Thinking outside the box
As articles like this one are a perfect platform for thinking "outside the box" and sharing thoughts, allow me to propose that the next Solvency II review targets ESG integration but not via capital requirements incentives for specific asset classes, but by considering investments in terms of resilience enhancement as risk mitigation techniques, by allowing its recognition as mitigant for underwriting risk – which would still be consistent with the way Solvency II was originally designed.
Beyond sustainability issues, the next review of Solvency II should insure the regulation is still fit for purpose when it comes to treatment of investments at a time of negative rates.
The main change introduced by Solvency II when the Directive was adopted (2009) and then applied (2016) was the so called Prudent Person Principle, which remains a building block of the system and is not put into question.
This is good news, at a time where new type of assets are taking more and more weight within insurers' portfolios.
The Prudent Person Principle requires the risk to be neutrally reflected through capital requirements (same risk, same charge; different risk, different charge) and ensures proper understanding of the underlying risks associated to the different assets.
Looking at Eiopa's proposed changes for the 2020 review, the approach seems to be more of an evolution than a revolution. In other words, the proposals are more of a refinement than a fundamental change.
On the solvency capital requirement (SCR) treatment, Eiopa proposes to maintain the existing correlation model, with two layers (sub-module and module). Eiopa considers there may be a misrepresentation of the embedded risk in two areas: equity risk and interest rate risk. Both areas are also identified by the European Systemic Risk Board in their latest paper (February 2020) on the macro dimension of Solvency II.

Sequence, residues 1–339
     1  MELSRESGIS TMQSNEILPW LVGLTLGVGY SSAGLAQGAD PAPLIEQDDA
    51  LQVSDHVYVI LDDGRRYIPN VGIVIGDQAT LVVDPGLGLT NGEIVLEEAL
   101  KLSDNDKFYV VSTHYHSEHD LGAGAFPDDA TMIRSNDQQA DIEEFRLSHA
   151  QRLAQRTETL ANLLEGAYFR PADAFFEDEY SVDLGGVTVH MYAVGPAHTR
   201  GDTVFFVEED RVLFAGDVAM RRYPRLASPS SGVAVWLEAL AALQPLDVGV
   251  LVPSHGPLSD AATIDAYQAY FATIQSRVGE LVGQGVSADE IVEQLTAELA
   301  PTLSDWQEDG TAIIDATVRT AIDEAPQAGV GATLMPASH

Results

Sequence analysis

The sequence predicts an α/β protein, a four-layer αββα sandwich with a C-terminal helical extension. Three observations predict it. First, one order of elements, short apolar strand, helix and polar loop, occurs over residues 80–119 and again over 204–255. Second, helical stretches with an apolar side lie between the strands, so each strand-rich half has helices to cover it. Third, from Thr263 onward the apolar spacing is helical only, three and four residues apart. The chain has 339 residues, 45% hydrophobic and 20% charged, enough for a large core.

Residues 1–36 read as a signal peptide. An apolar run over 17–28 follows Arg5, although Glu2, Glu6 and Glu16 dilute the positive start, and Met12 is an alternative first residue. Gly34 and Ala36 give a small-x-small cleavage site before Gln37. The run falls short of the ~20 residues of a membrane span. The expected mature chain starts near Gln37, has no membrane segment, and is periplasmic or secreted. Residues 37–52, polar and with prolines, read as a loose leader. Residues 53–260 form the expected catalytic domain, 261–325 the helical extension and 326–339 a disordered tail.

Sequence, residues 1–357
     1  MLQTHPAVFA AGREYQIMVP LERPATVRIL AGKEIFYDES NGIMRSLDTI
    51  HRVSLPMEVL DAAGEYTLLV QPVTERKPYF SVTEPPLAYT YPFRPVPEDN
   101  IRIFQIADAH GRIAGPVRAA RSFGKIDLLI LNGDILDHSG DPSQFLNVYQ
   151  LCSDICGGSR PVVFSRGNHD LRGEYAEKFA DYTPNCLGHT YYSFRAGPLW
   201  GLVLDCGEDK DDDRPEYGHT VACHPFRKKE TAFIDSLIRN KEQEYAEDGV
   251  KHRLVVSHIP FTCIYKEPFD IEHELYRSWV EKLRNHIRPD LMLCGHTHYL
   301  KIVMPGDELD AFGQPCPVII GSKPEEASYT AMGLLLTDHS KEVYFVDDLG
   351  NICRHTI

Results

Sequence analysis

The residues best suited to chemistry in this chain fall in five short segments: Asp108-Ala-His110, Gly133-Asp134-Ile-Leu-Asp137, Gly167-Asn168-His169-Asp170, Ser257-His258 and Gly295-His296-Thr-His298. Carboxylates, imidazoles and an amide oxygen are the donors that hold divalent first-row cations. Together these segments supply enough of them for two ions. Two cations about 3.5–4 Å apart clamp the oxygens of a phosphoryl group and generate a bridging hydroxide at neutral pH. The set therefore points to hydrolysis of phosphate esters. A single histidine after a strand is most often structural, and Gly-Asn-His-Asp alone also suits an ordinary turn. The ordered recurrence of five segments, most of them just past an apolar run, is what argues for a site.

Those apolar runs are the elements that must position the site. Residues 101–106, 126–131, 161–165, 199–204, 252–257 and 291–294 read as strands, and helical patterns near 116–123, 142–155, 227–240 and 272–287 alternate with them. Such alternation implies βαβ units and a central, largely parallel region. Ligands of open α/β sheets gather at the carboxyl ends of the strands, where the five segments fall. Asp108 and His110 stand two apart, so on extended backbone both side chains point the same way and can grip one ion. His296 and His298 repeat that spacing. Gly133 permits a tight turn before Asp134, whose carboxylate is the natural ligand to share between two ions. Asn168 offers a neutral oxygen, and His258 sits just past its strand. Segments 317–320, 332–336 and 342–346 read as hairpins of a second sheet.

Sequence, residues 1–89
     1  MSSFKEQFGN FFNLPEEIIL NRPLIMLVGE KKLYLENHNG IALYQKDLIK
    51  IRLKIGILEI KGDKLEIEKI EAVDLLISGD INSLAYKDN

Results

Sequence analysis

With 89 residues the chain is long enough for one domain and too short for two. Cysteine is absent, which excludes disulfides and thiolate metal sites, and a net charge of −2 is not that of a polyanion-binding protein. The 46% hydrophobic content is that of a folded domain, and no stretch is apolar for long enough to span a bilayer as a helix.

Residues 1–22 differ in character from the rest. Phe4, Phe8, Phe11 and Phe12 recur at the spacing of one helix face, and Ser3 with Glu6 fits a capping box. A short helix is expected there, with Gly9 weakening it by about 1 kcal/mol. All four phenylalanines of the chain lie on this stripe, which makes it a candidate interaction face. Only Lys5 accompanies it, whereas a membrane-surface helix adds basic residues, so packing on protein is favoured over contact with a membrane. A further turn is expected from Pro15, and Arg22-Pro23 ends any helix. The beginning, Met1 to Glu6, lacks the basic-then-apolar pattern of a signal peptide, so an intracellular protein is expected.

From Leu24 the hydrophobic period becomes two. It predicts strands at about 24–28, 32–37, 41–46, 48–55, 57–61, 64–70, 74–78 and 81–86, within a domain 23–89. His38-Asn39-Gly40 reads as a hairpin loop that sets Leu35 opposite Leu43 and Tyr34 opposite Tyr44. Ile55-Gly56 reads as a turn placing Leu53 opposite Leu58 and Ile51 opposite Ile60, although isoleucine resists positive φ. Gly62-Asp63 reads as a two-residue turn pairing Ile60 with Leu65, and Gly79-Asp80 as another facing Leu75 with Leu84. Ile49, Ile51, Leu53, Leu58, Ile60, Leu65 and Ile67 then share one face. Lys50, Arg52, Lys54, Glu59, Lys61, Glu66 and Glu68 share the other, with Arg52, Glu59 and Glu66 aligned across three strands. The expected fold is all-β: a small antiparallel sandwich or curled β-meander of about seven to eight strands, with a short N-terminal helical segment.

With regards to equity risk, although Eiopa remains sceptical about the calibration of the so-called strategic equity participations, no changes are foreseen, as a political decision to lower the capital charges has already been made.
A different situation surrounds the debate on interest rate risk, as the design of the standard formula was not constructed to reflect negative rates, thus leading to a potential misrepresentation of the risk of downfall. I don't have a crystal ball so I can only anticipate an interesting debate around this topic, and note that the outcome will be linked to whether political or technical reasons prevail. Still without a crystal ball, but having been part of the construction of Solvency II since 2001, allow me to predict another very tense debate around spread risk, regardless of Eiopa not proposing any change.
Regarding the review of the so called LTG (Long Term Guarantees) package, a very interesting proposal from Eiopa can change the way some insurers are investing, as well as their product offering. Indeed, Eiopa sends a message of support around the concept of the matching adjustment (MA), precisely at the juncture where its main advocate, the UK, has decided to leave the EU.
Indeed, at a time of negative rates, Eiopa's suggestion to amend the treatment of the MA should allow its use by other EU countries where insurers design products of long duration, with a certain level of guaranteed return and robust asset-liability management.
By removing the current "ring-fencing" of the MA portfolios and allowing for the recognition of diversification benefits against the rest of the insurer portfolio, the MA becomes more attractive.
By clarifying the treatment of restructured assets, de facto Eiopa proposes to give a green light to investing in such instruments... provided conditions inter alia around proper risk management, are met. The objective of such changes can only be to make it possible, under today's reality, product offering where the policyholder will not bear all the financial risk and that can become a vehicle for EU citizens to invest in their future retirement through insurance products. A win-win if properly implemented.
So, in a nutshell, when it comes to treatment of investments, Eiopa is proposing only small fine tuning as the regime is robustly constructed. The challenges will stem from external reality, rather than from regulation, and this is not necessarily bad news, is it?
Carlos Montalvo Rebuelta is a partner at PwC. Previously he was executive director at Eiopa.